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Marcel Dupré

(1886-1971)

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- Queens Hall, London, 1926-27

- St. Mark's Church, London, 1948

Born at Rouen into a musical family Marcel Dupré was a child prodigy. His father Albert Dupré was organist in Rouen and a friend of Aristide Cavaillé-Coll who built an organ in the family house when Marcel was 14 years old. Having already taken lessons from Alexandre Guilmant he entered the Paris Conservatoire in 1904 where he studied with Louis Diémer and Lazare Lévy (piano), Guilmant and Louis Vierne (organ), and Charles-Marie Widor (fugue and composition). In 1926 he was appointed professor of organ performance and improvisation at the Paris Conservatoire - a position he held until 1954.

 

Dupré became famous for performing more than 2000 organ recitals throughout Australia, the United States, Canada, and Europe which included a recital series of 10 concerts of the complete works of Bach in 1920 (Paris Conservatoire) and 1921 (Palais du Trocadéro), both performed entirely from memory. The sponsorship of an American transcontinental tour by the John Wanamaker Department Store interests rocketed his name into international prominence. Dupré's "Symphonie-Passion" began as an improvisation on Philadelphia's Wanamaker Organ.

 

Succeeding Widor in 1934 as titular organist at St. Sulpice in Paris Dupré retained this position for the rest of his life; thus it happened that since Widor had been there for more than six decades the position changed hands only once in a century. From 1947 to 1954 Dupré was director of the American Conservatory which occupies the Louis XV wing of the Château de Fontainebleau near Paris. In 1954 after the death in a road accident of Claude Delvincourt Dupré became director of the Paris Conservatoire; but he held this post for only two years before the prevailing national laws forced him to retire at the age of 70. He died in 1971 in Meudon (near Paris).
(From Wikipedia)
 

A note on the recordings:

Marcel Dupré in Queens Hall - 1926-27

These recordings made in Queens Hall, London in 1926 and 1927 are probably some of his earliest recordings. Marcel Dupré marked in many ways the “modern” way of playing and he was immensely popular everywhere he played and most definitely also in England.
 

These recordings are important for several reasons. First of all they document the organ at the old Queens Hall before the destruction in 1941 – the organ was first build in 1893 by Hill then later rebuilt in 1923 to what extent I don’t know. Queens Hall was at the center of music in England and the history of the hall is very interesting – please visit http://en.wikipedia.org/wiki/Queen's_Hall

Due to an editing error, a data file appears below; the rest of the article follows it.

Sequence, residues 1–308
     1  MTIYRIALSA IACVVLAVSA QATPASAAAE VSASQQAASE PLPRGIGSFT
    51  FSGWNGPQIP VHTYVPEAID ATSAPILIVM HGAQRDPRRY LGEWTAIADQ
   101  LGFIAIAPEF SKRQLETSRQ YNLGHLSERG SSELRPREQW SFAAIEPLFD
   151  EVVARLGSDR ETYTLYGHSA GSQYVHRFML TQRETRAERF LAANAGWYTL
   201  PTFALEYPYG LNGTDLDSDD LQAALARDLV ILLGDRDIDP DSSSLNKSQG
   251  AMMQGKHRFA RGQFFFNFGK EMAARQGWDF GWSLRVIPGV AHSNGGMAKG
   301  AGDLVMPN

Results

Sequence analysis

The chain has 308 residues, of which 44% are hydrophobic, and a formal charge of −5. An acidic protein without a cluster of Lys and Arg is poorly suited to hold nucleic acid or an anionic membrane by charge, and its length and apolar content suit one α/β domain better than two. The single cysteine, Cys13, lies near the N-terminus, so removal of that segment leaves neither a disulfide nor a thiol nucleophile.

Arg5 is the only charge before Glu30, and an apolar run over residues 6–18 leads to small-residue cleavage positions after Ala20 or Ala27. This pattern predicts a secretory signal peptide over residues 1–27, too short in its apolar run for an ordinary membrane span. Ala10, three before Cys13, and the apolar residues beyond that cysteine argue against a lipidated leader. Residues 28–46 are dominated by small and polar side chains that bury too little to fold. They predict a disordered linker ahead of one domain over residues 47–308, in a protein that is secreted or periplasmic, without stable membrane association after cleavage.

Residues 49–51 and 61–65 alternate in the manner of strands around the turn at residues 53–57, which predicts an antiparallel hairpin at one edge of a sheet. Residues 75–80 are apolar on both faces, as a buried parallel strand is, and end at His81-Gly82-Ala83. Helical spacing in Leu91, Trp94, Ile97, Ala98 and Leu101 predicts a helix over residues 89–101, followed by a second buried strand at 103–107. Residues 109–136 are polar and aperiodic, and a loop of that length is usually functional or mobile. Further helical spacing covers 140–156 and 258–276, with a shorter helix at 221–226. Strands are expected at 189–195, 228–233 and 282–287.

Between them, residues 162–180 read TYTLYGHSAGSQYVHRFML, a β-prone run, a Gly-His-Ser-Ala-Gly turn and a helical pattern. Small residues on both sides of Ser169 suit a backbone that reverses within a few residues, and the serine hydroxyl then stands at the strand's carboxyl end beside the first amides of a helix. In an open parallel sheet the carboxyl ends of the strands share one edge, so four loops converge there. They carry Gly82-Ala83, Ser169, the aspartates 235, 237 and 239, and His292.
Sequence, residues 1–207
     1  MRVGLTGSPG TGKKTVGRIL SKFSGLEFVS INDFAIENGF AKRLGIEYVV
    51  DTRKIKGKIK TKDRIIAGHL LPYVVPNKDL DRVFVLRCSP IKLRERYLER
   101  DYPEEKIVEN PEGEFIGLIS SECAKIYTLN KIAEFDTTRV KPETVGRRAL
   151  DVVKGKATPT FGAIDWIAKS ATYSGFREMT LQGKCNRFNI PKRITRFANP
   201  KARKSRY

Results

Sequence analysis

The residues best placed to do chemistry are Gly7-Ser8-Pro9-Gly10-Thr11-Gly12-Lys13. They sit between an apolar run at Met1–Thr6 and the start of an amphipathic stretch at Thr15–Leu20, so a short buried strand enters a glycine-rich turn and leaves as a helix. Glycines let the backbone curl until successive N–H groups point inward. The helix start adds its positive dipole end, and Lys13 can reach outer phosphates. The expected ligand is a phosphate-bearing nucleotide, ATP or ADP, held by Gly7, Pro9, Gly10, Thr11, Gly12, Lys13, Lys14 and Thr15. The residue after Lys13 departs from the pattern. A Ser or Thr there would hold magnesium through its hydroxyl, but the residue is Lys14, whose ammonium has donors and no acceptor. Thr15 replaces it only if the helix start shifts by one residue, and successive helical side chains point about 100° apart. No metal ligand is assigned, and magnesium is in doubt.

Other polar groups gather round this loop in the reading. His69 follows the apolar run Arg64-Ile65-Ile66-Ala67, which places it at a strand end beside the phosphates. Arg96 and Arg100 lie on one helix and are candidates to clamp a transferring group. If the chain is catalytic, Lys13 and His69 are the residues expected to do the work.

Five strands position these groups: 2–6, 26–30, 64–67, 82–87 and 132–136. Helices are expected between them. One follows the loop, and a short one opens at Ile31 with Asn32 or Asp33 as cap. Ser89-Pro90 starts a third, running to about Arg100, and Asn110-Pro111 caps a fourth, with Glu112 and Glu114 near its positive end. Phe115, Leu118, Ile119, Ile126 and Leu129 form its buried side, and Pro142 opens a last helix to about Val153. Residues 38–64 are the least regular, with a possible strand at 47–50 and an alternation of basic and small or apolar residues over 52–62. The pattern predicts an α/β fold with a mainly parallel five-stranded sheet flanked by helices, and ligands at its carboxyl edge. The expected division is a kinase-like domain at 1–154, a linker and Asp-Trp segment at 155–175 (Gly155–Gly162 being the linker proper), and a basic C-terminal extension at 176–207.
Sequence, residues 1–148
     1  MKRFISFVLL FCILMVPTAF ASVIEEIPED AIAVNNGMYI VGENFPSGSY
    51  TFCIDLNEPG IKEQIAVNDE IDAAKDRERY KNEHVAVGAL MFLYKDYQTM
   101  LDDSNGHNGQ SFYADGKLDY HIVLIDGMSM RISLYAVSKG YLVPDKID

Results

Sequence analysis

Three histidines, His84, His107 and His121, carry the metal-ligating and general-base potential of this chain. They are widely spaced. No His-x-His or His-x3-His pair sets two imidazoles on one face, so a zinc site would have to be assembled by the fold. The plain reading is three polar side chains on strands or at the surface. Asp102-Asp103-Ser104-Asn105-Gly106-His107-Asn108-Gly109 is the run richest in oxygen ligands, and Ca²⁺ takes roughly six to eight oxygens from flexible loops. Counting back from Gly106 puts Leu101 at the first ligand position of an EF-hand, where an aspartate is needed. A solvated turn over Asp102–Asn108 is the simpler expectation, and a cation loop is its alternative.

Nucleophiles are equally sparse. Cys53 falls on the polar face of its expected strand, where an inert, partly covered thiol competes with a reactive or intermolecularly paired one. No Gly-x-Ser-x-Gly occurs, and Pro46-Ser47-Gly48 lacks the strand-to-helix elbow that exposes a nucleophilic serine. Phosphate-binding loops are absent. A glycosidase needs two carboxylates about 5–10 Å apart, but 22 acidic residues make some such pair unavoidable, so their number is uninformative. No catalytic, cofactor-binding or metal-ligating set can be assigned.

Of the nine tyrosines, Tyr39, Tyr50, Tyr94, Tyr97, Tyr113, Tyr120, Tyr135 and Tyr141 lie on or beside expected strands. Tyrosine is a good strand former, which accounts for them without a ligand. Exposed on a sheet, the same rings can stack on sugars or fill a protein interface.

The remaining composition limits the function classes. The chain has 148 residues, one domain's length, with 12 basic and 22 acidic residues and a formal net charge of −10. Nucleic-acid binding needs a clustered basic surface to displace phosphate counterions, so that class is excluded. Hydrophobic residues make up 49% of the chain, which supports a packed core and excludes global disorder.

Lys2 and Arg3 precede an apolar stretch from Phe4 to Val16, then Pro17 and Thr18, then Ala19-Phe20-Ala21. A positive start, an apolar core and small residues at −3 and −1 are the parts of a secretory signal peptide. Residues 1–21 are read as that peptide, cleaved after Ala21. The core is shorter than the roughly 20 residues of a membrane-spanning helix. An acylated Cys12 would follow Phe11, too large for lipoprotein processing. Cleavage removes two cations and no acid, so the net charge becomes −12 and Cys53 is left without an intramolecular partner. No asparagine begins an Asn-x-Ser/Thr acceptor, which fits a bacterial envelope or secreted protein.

Secondly they in my opinion represent the best of Marcel Dupres' playing. They have vitality and elegance – the gem in this release is the Clerambault where his style, touch, and ornaments is very fluent and elegantly shaped.

 

HMV was, as far as I know, the first European record company who seriously made organ recordings from 1925 when it became possible to record the organ due the implementation of the microphone in the recording process. I think it was due to the fact that many of the organists in England were very popular to the people in general. The many concert hall organs popularised the organ and organ music and many organists could fill concert halls with an enthusiastic audience. So in England were a broad marked for selling organ recordings. A lot of these recordings are, taken the age in consideration, of very high quality and the sound is remarkably clear. One easily forgets that the recordings are over 80 years old.

I would like to thank the now closed blog “78 toeren en LP's” for this release.

St. Mark's Church, London, 1948

I'm a little unsure of the recording dates for all of these recordings but the Bach BWV543 and the Franck A-minor chorale were recorded in spring 1948 and since the rest of the recorded material matches these two pieces in repertoire and the sound quality, and knowing from other recording sessions with Marcel Dupré that he almost never played any mistakes and therefore recorded quickly, I assume that all of the St. Mark's Church-recordings were recorded in the same period - perhaps even in the same session. The organ in Saint Mark's Church in North Audley Street in London may not ideally be suited for the french repertoire but history shows that HMV frequently used it for organ recordings in that period, e.g. Jeanne Demessieux also recorded on this organ.